What if I was attacked by an animal at work? You are probably asking this question because you were injured as a result of being attacked by some kind of animal at work, and you want to know what you can do to be compensated for your injury.
According to the Bureau of Labor Statistics, from 1992 thru 1997, animals inflicted or contributed to 375 fatal work-related injuries. During that time period, it is estimated that around 75,000 nonfatal injuries took place. On average, 63 fatal injuries and 12,500 nonfatal injuries and illnesses involving animals occur each year at work.
Danger of attack
The problem is that whenever a worker’s job causes them to be near or in the vicinity of an animal, the danger of being attacked is possible. Accidents may occur, things may go wrong and being attacked by an animal may occur even when an animal is on a leash, in a cage or apparently restrained. The result may be a severe, disabling injury or illness to a worker who is doing their job for their employer.
In most instances, workers are attacked by dogs on the job, but other domestic animals like ferrets, cats and birds may attack a worker who is trying to do their job for their employer. Exotic, wild animals, such as bears, wolves, tigers, lions and other big cats may also attack a worker.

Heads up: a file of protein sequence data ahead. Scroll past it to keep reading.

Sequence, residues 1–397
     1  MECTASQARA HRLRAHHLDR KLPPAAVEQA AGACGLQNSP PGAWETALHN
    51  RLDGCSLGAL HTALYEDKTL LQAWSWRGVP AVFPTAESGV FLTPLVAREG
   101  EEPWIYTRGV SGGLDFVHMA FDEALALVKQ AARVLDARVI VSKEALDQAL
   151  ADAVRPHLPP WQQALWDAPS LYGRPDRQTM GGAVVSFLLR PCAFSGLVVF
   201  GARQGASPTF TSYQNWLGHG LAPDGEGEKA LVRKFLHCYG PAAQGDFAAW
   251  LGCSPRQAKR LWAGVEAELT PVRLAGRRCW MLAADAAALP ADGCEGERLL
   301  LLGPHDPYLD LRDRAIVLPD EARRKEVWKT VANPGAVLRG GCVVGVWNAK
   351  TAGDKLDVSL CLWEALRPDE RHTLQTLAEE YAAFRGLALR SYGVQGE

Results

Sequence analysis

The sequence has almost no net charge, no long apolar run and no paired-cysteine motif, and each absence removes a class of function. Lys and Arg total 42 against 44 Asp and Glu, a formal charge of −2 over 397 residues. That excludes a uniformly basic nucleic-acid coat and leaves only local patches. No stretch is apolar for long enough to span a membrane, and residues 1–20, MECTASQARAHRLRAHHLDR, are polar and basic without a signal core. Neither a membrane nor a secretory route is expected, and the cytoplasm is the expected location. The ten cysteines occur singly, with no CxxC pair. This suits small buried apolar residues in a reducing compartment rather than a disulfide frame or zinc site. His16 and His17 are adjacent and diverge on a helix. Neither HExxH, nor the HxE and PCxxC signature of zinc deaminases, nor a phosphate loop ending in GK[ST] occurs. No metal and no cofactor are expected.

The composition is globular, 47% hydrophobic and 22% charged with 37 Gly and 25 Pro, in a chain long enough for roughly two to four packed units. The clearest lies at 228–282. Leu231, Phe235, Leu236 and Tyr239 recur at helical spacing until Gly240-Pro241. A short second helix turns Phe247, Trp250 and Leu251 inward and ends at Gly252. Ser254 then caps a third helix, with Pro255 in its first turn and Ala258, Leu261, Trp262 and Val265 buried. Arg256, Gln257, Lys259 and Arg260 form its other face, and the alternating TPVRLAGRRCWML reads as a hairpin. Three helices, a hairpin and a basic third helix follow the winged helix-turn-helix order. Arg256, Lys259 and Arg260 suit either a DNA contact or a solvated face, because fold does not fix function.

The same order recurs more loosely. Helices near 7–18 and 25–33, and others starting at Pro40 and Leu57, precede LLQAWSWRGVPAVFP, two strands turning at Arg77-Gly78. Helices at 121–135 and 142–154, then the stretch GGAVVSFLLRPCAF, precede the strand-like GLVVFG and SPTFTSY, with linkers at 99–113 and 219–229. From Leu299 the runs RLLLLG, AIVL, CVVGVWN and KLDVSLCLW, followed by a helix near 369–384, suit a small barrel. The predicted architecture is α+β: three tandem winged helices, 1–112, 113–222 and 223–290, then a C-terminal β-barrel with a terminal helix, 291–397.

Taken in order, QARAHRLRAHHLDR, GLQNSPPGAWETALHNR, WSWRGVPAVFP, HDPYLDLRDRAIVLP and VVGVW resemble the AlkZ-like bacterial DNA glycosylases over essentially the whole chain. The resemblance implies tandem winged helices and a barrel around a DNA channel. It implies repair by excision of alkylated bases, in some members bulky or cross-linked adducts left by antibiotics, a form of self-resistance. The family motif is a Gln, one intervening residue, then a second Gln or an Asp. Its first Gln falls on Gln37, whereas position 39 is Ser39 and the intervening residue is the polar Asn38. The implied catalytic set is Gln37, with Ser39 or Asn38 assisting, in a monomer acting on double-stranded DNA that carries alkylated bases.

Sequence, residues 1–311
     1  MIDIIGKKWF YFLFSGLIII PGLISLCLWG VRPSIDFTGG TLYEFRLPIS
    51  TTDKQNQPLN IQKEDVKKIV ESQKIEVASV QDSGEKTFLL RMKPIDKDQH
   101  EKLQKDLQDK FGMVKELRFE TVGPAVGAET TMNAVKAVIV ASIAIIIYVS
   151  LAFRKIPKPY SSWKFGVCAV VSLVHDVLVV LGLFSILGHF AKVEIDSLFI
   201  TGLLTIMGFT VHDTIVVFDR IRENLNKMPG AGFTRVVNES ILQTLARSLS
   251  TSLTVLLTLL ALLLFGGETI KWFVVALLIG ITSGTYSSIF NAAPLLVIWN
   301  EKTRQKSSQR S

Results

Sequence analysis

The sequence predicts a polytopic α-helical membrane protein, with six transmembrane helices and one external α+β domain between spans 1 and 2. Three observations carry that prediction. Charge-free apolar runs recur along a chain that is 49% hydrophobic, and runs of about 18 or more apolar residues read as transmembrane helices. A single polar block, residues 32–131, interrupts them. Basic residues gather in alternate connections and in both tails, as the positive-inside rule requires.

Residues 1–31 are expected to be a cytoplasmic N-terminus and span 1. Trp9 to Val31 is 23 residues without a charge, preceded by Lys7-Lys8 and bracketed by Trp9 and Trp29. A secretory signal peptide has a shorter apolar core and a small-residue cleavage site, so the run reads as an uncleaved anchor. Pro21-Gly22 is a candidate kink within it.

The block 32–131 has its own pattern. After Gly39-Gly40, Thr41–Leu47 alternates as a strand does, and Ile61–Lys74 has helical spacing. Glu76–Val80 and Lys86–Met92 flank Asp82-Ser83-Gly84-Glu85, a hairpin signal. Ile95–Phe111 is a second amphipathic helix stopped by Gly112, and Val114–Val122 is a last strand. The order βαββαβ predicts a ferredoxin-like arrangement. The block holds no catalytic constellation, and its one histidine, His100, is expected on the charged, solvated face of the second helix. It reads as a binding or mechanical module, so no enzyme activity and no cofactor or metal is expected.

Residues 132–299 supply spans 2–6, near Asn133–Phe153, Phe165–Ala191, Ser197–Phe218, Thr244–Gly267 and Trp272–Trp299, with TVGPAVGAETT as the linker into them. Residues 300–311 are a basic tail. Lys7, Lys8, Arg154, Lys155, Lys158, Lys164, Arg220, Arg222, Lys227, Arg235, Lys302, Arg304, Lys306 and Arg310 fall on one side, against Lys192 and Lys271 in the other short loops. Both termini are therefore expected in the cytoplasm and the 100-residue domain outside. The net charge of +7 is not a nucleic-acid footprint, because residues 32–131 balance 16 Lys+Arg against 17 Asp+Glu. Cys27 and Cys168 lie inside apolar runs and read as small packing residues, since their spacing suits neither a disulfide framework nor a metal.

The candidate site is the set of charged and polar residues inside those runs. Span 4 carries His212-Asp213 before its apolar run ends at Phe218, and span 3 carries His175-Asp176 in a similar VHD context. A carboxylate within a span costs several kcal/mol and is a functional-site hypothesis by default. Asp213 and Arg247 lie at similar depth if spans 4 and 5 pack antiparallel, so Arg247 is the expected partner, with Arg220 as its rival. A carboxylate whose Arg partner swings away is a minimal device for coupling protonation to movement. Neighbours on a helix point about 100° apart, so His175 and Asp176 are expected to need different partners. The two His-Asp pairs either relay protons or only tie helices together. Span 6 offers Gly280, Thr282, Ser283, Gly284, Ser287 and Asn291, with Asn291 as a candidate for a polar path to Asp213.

Workers outside may be attacked by a poisonous snake or insects. Workers who have to go into the ocean may be attacked by a shark or other ocean denizen.
In most instances, bite injuries are usually the result of a worker being attacked by an animal on the job. However, there are other severe injuries, illnesses, infections and complications that may occur. Some of these include:
Rabies from bites by raccoons, dogs, squirrels or skunks
Bacterial diseases like brucellosis or campylobacteriosis from infected wounds
Anaphylactic shock from toxins of stinging insects
Pneumonia, nervous system, heart or liver damage and flu-like symptoms from parrot fever (psittacosis)
Bacterial or viral pathogens like LaCrosse encephalitis, Lyme disease or West Nile disease resulting from stings and bites by insects and spiders
Cat scratch fever resulting in fatigue, listlessness, fever, headache, swollen lymph nodes and, in severe cases, bacillary angiomatosis (growth of tumor-like blood vessel clusters).
The risk of being attacked by an animal is present in most kinds of work, but there are some jobs that involve a higher risk of animal attack. Some of these are:
Firefighters, police and rescue workers
Workers at theme parks
If you have been injured by being attacked by an animal at work, you may wonder if you can get workers’ compensation for your injury. The good news is that you should be eligible in most instances.
In addition, if the animal that attacked you has an owner, you may be able to file a personal injury claim against that owner. The right thing to do is to contact a workers’ compensation attorney and have you case evaluated at no cost or obligation to you.
Article written by James Shugart
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